Councillors voted for the additional member system which could see the number of Labour councillors halved and gains for the Conservatives, Liberal Democrats, Green Party and other groups.
The system mirrors the one used in the
Scottish Parliament, Welsh Assembly and Greater London Assembly.
Lewisham chief executive Barry Quirk commissioned a public policy group, made up of academics from University College London and the London School of Economics, to look at alternative ways of carrying out local government elections.
He said: 'We commissioned a report from national experts on election systems and they looked at data from Lewisham in previous elections. We are now discussing the practicalities and time-scale of introducing proportional representation with the DTLR.'
The report said the voting system in Lewisham is unfair. Labour won just over half the votes in 1998, but claimed nearly all the seats.
It said: 'At present the voting system does not work fairly. The Labour Party wins a clear majority of votes, but then gains virtually all the seats. Other parties are under-represented, even the Conservatives and Liberal Democrats which elect too few councillors to form an effective opposition group.'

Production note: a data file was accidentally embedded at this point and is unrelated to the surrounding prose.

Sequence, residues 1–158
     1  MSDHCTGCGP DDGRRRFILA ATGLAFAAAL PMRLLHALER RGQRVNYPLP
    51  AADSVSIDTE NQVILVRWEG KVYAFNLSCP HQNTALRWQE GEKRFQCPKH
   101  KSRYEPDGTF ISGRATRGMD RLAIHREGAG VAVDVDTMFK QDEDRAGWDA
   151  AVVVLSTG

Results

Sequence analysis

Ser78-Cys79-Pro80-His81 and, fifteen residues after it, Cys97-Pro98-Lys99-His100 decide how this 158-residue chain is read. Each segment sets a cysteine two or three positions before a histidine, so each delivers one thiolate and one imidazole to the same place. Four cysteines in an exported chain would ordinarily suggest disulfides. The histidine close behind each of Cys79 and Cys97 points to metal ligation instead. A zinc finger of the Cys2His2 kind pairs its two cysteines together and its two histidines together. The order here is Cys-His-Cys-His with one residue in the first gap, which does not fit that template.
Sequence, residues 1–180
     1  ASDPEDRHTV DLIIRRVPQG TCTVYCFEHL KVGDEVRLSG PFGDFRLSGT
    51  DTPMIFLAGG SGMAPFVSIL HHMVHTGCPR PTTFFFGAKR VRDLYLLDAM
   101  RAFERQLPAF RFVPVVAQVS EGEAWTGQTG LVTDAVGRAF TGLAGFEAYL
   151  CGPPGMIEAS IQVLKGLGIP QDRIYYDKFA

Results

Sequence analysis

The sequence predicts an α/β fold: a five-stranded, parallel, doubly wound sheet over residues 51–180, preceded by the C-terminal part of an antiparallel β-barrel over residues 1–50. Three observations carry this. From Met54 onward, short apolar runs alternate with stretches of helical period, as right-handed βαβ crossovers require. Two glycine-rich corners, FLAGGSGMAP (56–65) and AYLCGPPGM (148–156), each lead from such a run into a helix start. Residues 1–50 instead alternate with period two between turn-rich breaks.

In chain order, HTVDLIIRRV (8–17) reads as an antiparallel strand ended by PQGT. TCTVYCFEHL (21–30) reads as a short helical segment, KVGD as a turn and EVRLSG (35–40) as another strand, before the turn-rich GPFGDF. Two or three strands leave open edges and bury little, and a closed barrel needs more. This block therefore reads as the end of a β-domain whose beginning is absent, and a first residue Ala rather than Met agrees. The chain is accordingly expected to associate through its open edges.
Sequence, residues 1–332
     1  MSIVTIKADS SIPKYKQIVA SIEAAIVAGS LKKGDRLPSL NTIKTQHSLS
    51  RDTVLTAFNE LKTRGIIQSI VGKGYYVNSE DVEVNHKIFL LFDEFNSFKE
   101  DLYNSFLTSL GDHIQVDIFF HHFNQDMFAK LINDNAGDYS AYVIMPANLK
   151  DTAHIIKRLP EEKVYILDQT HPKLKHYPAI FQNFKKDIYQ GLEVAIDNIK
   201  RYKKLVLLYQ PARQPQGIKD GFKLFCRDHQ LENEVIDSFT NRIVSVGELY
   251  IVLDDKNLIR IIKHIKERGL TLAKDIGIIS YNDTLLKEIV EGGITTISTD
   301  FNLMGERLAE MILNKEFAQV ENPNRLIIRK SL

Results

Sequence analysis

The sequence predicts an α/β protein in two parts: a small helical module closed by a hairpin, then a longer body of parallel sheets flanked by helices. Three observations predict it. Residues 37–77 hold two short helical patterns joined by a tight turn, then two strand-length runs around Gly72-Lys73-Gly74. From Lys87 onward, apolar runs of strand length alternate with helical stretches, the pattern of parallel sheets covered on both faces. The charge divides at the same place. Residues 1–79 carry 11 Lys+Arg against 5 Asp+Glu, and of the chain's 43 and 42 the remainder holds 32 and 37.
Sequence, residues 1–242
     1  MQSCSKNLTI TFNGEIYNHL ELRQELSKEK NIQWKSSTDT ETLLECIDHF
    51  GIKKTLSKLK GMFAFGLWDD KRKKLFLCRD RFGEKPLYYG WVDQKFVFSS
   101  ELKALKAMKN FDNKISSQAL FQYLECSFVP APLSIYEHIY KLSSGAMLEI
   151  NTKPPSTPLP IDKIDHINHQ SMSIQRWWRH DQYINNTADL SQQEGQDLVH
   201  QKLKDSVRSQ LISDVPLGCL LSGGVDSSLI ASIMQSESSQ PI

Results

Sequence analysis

The council cut its number of councillors from 67 to 54 before the local elections
in 1998 and 50 of these are Labour, with one Conservative and three Liberal Democrats.
The Conservatives would have won 11 seats under proportional representation with the Liberal Democrats gaining two
If the government gives the go-ahead
to the plans the additional member system could be introduced in time for the May local elections.
Proportional representation could be introduced at Lewisham with minimal cost and ward boundaries would not have to be redrawn, according to the report.
A spokeswoman for the DTLR said: 'This is all very confusing. We don't know anything about this plan. We need to discuss it with the council.'